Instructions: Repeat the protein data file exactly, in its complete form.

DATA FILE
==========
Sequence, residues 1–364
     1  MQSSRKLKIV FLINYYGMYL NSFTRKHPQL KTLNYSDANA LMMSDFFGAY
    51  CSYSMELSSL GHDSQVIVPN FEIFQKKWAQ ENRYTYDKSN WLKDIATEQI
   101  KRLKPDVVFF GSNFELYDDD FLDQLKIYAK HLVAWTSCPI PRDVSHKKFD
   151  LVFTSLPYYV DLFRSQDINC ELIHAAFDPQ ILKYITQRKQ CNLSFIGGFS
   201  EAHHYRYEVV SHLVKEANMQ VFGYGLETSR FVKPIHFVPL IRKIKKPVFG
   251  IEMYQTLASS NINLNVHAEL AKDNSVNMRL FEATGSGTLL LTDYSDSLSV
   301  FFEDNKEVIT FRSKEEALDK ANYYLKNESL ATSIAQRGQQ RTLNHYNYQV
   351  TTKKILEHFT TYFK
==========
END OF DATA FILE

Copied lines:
Sequence, residues 1–364
     1  MQSSRKLKIV FLINYYGMYL NSFTRKHPQL KTLNYSDANA LMMSDFFGAY
    51  CSYSMELSSL GHDSQVIVPN FEIFQKKWAQ ENRYTYDKSN WLKDIATEQI
   101  KRLKPDVVFF GSNFELYDDD FLDQLKIYAK HLVAWTSCPI PRDVSHKKFD
   151  LVFTSLPYYV DLFRSQDINC ELIHAAFDPQ ILKYITQRKQ CNLSFIGGFS
   201  EAHHYRYEVV SHLVKEANMQ VFGYGLETSR FVKPIHFVPL IRKIKKPVFG
   251  IEMYQTLASS NINLNVHAEL AKDNSVNMRL FEATGSGTLL LTDYSDSLSV
   301  FFEDNKEVIT FRSKEEALDK ANYYLKNESL ATSIAQRGQQ RTLNHYNYQV
   351  TTKKILEHFT TYFK